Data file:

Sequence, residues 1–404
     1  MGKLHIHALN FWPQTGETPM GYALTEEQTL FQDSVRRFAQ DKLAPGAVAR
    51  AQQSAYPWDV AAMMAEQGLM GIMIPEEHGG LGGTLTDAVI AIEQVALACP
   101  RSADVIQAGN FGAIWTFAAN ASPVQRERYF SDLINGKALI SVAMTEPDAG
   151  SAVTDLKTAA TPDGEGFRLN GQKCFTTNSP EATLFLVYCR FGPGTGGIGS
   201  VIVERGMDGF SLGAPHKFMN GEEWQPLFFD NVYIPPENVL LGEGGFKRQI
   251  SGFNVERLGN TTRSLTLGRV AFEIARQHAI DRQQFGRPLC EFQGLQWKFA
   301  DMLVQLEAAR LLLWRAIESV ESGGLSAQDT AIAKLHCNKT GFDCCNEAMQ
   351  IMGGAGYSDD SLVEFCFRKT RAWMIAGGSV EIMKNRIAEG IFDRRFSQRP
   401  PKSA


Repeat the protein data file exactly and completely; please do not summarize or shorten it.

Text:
Sequence, residues 1–404
     1  MGKLHIHALN FWPQTGETPM GYALTEEQTL FQDSVRRFAQ DKLAPGAVAR
    51  AQQSAYPWDV AAMMAEQGLM GIMIPEEHGG LGGTLTDAVI AIEQVALACP
   101  RSADVIQAGN FGAIWTFAAN ASPVQRERYF SDLINGKALI SVAMTEPDAG
   151  SAVTDLKTAA TPDGEGFRLN GQKCFTTNSP EATLFLVYCR FGPGTGGIGS
   201  VIVERGMDGF SLGAPHKFMN GEEWQPLFFD NVYIPPENVL LGEGGFKRQI
   251  SGFNVERLGN TTRSLTLGRV AFEIARQHAI DRQQFGRPLC EFQGLQWKFA
   301  DMLVQLEAAR LLLWRAIESV ESGGLSAQDT AIAKLHCNKT GFDCCNEAMQ
   351  IMGGAGYSDD SLVEFCFRKT RAWMIAGGSV EIMKNRIAEG IFDRRFSQRP
   401  PKSA